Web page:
Next week the parliament's plenary assembly will complete its first reading of the draft law, allowing the council of ministers to adopt a common position in early June. So far governments have shown no sign of stipulating a preferred financing system in the directive. The European Commission's proposed wording leaves this choice open.
At a press conference designed to emphasise the broad support for individual financing, MEP Alexander de Roo said it was highly likely that all the parliament's major political groups would call for it to be mandatory except when this was "not feasible" or would lead to "disproportionately high cost". "Because of the united stand of the parliament [the council] will be forced to do something," he said.
Viktor Sundberg of Electrolux, a long-time enthusiast for individual financing, said manufacturers were also now in favour of the principle, despite previous misgivings in the white goods sector. "It seems like a lot has changed and the majority supports [it]," he said, referring to a recent position paper issued by industry federation Orgalime (ENDS Daily 23 April).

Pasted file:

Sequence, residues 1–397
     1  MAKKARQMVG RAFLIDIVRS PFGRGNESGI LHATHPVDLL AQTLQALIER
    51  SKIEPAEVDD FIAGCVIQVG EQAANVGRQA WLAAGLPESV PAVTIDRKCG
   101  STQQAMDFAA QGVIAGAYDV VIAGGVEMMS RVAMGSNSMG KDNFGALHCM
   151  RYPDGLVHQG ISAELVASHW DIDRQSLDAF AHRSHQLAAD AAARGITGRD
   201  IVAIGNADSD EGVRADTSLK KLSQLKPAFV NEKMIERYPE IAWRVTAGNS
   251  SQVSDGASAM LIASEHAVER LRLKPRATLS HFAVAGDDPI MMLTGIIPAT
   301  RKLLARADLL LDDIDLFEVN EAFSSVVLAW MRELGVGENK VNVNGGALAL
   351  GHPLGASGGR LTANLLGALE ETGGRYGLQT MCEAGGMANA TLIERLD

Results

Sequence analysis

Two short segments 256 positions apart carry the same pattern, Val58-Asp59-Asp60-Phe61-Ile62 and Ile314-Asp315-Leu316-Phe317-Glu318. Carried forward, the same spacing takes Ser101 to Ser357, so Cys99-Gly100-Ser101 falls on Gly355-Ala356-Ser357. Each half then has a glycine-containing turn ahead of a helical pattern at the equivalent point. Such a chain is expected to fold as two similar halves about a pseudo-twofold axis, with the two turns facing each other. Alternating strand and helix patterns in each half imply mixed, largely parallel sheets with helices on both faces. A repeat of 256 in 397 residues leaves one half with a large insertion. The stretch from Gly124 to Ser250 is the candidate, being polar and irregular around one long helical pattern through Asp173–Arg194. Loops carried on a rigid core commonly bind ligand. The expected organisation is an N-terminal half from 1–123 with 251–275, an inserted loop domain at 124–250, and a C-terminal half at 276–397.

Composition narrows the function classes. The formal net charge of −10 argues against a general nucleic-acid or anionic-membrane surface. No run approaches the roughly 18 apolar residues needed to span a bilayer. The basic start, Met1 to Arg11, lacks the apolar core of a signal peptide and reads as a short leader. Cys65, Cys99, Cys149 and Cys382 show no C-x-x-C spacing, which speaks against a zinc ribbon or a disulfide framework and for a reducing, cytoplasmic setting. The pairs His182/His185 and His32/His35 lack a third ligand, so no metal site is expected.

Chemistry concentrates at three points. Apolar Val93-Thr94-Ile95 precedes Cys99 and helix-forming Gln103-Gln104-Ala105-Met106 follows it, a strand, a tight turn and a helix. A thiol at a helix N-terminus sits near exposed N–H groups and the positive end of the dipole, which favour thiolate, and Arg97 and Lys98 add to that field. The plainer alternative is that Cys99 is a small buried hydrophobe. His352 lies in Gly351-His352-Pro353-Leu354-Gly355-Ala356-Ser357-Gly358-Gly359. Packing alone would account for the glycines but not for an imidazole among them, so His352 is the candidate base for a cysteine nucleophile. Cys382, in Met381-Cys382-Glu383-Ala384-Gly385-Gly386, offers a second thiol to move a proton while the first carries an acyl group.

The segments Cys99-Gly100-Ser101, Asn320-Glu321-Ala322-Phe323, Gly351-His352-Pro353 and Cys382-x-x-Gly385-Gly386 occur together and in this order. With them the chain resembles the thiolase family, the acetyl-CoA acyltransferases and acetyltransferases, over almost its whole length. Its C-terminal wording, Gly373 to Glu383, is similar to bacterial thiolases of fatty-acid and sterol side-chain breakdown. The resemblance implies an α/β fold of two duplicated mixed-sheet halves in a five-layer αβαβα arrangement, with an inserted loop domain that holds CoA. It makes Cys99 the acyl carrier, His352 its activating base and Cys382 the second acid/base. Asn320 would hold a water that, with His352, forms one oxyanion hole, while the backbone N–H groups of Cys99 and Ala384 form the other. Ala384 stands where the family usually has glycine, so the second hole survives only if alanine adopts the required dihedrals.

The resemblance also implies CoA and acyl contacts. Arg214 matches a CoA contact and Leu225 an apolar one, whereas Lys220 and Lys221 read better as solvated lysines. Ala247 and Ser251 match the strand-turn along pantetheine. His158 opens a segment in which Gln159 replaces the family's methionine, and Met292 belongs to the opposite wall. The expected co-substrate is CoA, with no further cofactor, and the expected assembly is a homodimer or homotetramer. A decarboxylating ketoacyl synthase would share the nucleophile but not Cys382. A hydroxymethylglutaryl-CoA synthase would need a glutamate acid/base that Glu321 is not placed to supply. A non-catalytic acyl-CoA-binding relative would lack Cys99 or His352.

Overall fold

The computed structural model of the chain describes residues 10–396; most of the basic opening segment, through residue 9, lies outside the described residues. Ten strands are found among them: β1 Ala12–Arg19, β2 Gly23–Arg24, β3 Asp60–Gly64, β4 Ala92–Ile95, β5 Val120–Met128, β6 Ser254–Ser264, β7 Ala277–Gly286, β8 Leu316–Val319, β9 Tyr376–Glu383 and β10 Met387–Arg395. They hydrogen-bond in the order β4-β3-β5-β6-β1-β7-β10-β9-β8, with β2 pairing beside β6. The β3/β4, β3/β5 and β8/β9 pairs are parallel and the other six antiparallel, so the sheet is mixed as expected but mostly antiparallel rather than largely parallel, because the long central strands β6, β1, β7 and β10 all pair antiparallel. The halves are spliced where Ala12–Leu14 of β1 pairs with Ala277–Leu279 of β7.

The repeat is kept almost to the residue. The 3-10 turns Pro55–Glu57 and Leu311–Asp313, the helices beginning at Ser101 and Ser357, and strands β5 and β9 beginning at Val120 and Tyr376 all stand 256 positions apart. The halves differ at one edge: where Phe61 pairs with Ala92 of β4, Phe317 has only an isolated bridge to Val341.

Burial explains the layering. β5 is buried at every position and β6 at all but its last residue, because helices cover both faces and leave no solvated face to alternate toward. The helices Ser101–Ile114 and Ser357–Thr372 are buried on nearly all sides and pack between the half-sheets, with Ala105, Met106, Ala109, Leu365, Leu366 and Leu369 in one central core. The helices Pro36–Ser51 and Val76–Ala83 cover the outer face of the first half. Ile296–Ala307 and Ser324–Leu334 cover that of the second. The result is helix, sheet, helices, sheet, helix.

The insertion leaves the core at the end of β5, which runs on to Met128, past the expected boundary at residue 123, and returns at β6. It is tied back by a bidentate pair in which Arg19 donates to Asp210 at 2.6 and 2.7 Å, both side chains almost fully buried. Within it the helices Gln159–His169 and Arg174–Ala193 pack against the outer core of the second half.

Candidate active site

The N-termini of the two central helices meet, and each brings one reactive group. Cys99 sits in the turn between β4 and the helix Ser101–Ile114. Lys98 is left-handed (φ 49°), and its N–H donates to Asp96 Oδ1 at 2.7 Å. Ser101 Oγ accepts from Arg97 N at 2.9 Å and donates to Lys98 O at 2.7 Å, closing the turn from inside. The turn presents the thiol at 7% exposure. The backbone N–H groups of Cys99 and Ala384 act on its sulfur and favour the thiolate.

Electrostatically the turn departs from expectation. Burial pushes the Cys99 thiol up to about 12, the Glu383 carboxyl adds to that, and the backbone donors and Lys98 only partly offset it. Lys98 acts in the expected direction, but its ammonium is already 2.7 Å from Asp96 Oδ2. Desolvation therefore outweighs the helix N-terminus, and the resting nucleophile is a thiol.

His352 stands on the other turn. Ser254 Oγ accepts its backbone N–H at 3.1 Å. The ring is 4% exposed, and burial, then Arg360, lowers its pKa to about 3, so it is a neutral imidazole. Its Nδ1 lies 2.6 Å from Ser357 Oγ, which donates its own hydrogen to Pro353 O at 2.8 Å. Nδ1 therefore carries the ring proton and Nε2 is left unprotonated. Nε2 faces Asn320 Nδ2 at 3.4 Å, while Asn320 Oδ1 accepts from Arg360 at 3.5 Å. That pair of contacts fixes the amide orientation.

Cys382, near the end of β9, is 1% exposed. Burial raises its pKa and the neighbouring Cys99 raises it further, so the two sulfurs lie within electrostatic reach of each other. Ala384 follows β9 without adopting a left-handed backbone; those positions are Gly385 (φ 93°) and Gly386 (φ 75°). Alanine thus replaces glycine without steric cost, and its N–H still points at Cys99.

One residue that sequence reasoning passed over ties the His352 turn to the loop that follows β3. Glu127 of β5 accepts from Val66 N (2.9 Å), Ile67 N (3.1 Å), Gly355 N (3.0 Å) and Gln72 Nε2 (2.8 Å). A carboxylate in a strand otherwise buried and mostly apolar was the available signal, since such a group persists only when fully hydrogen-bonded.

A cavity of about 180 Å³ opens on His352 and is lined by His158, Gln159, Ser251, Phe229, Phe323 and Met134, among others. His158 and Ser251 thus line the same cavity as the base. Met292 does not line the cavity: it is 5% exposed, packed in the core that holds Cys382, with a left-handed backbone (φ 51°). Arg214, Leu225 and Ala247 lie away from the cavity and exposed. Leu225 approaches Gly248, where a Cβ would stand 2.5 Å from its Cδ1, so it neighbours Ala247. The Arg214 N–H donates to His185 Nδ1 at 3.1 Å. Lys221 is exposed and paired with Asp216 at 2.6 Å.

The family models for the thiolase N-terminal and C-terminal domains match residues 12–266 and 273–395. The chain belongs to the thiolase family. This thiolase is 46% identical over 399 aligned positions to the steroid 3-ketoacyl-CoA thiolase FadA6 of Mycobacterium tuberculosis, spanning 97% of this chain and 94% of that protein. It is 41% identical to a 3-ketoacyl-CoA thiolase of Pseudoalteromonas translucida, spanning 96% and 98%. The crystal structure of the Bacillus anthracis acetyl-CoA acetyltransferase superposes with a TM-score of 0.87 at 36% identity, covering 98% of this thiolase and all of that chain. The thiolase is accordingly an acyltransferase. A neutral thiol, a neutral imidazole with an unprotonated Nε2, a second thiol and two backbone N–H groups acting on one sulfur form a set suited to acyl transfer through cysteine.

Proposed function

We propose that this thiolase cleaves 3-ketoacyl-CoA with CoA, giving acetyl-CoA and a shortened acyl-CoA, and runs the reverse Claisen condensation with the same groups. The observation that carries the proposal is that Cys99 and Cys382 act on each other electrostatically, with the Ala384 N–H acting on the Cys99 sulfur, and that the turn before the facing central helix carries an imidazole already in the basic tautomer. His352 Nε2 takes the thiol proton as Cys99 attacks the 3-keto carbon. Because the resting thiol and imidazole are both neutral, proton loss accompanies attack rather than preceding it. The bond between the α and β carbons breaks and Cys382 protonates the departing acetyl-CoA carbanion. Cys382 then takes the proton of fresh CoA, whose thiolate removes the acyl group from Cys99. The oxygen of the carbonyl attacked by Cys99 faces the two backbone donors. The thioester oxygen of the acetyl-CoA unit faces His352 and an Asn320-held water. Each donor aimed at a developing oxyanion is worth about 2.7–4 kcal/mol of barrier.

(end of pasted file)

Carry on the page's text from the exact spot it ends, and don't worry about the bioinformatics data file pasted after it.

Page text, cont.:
MEP Heidi Hautala said company-by-company responsibility was essential to foster innovation in environmental design and provide an early legislative boost to integrated product policy. Electrolux said the current wording of the directive "would amount to a waste tax and do nothing to encourage competition or the development of environmentally improved products."
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